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13

Though the left and right icons would give information that you can continue scrolling, another option is use a layout where only part of the images are visible and the user will have to scroll to the right to see them as given below: Another approach which I am not a fan of would be to use a horizontal scrollbar at the bottom which informs the user that ...


9

You could try something like this: Note the line breaks at left and right as well as the cut off text. Omit the left line breaks if nothing to swipe to at left. Even the line breaks alone would be a very simple cue that would be better than nothing if the cut off text is a problem to implement:


5

One of my favourite soluion for this is pulse's: on first run, display an overlay with help: you can show this once, and never worry about it again. Of course it has downsides as well: user forget it quickly, or ... But you should thick to the Android 4.x design conventions, section swiping between tabs. Also a good idea would be something like the ...


3

This isn't a new design pattern. It's a carousel. But, as you say, it does seem to be more popular on mobile as of late. The main benefit is that it keeps the user on the page while giving them the ability to browse more content. Does it work? Sure, if you want to browse through some more secondary information in a small space. That said, there will be a ...


3

You should use neither of them. When you are referring to vertical content, you should say "scroll up" or "scroll down". Vertical content movement has been used for decades now, and there is no good reason to change the terminology. Yes, you are swiping, but you shouldn't refer to how it is done, just what you want to achieve. We say "click on X" not ...


3

Yes. Apple use the terms "swipe up and swipe down: http://www.apple.com/iphone/iphone-5/tips/ The Apple HCI Guidelines may be of use here in conveying defined actions: On avoiding redefining gestures: ...


2

Don't create a dead zone Assuming you allow both horizontal and vertical swipes and only horizontal and vertical swipes then I see no reason not to simply say that if your swipe is within 45° of horizontal treat as a horizontal swipe and within 45° of vertical, treat it as a vertical swipe. I'm not sure there a need for a dead zone on the middle where it ...


2

The biggest risk with these isn't that they won't figure out to swipe, it's that they won't realize there are other images. Use a generic page count bubble, and trust them to figure out the rest. download bmml source – Wireframes created with Balsamiq Mockups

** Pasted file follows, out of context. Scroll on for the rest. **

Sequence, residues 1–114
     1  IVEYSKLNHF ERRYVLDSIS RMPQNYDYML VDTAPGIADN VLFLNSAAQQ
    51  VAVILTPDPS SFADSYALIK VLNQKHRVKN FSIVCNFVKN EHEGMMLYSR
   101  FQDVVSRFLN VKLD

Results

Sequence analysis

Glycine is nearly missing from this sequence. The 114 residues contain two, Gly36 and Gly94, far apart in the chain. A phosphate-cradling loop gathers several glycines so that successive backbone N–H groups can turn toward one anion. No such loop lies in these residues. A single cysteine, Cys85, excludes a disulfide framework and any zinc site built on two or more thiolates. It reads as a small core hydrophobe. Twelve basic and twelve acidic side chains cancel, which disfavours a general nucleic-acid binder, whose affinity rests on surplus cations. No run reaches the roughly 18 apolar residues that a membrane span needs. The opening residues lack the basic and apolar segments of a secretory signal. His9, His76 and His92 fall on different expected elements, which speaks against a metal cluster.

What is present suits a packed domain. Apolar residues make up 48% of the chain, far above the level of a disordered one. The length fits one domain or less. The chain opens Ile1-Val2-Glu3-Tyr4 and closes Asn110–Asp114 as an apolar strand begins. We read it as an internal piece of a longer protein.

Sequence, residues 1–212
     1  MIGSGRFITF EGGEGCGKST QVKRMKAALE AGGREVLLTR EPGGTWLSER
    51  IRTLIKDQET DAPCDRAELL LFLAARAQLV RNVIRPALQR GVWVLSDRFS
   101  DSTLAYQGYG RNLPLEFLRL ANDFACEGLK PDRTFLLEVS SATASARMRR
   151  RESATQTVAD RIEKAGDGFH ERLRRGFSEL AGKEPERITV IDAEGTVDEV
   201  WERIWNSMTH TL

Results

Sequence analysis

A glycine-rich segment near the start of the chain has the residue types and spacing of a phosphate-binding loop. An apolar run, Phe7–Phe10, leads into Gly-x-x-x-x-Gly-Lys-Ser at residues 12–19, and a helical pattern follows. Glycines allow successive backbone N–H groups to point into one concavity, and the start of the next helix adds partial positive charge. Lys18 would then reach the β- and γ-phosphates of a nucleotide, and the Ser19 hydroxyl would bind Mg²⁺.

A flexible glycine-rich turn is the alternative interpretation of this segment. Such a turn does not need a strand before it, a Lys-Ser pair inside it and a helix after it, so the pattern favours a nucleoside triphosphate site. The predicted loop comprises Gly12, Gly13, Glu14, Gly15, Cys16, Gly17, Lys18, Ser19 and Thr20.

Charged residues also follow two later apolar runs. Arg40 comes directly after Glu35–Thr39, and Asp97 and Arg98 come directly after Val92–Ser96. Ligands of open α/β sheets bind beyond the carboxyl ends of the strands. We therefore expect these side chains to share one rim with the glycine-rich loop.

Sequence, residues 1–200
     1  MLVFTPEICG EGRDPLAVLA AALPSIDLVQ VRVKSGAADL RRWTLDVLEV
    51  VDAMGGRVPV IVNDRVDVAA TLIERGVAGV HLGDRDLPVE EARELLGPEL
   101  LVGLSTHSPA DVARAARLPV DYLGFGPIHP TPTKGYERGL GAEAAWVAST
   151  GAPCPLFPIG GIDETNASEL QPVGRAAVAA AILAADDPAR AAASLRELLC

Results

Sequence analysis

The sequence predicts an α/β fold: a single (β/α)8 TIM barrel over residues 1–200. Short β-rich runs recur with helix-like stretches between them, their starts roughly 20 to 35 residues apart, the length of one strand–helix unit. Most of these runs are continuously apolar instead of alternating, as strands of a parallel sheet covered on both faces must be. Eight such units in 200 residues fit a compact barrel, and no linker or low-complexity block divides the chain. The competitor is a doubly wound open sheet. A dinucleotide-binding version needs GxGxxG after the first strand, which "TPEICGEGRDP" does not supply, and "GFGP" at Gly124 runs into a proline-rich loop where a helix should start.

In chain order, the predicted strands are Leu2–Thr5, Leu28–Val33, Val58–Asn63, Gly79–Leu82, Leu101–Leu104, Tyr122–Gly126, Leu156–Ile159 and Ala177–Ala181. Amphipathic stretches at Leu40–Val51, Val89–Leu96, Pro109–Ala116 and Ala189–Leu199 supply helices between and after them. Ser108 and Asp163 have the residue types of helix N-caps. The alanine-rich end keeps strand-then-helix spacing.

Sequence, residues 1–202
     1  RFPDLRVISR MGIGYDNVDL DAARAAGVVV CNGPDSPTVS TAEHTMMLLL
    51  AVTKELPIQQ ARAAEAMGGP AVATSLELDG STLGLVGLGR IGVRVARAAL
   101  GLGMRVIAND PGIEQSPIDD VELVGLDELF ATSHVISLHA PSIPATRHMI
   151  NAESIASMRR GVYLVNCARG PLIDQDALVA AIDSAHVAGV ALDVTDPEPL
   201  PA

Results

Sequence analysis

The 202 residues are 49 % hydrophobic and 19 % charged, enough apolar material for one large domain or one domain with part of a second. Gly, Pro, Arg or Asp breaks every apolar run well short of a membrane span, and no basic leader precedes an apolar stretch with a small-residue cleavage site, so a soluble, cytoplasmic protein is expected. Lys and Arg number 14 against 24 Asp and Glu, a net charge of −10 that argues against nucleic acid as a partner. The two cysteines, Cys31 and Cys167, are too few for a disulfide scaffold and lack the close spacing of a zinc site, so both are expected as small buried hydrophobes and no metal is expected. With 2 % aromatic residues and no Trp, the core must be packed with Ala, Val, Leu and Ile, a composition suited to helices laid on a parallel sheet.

2

Horizontal scrolling has become cumbersome in comparison to vertical scrolling. With mouse input horizontal scrolling is often better supported by the hardware (scroll wheels). With touch UIs horizontal scrolling is just as easy as vertical scrolling but mixing the 2 is problematic when it's not clear that part scrolls which way (could sure use some visual ...


2

From a user experience point of view inputting information would be easiest, if the most used keys are in close proximity, and common keyboard combinations are next to each other. While the DVORAK layout is efficient for typing with ten fingers that lay on the home key row and thus have fast access to the most commonly used letters, the same logic does not ...


2

I don't think showing the buttons for a short time and then moving them is a good idea. You might put these (unlikely) options in the menu (always available in the menu) but have the buttons completely gone once an allergy is specified. But it seems to me logically inconsistent to allow an allergy to be specified and be able to specify "No Known Allergies" ...


2

The first left swipe (activates right menu) can be set to start from the edge of the screen. like the side menu in facebook. The seocnd left swipe (Activates actions on an item) can be set to start from anywhere EXCEPT the edge of the screen. Just like when you're moving about a zoomed in page in a browser


2

Vertical scrolling is the "natural" way to see additional content in the same document. Making horizontal swipe go to another page in the same document would be confusing for most users. Perhaps the most straightforward option is to use nested lists. First the user chooses a team, then the user chooses a document, and finally the user sees the viewer. ...


2

You'd need some sort if indicator saying that the bar is swipe-able to begin with, for example indicator dots below, or having the red/green peeking in from the left/right. See this discussion: best image to indicate swipe left right. With that indicator in place I would personally just use more paper prototypes to display the different states But to answer ...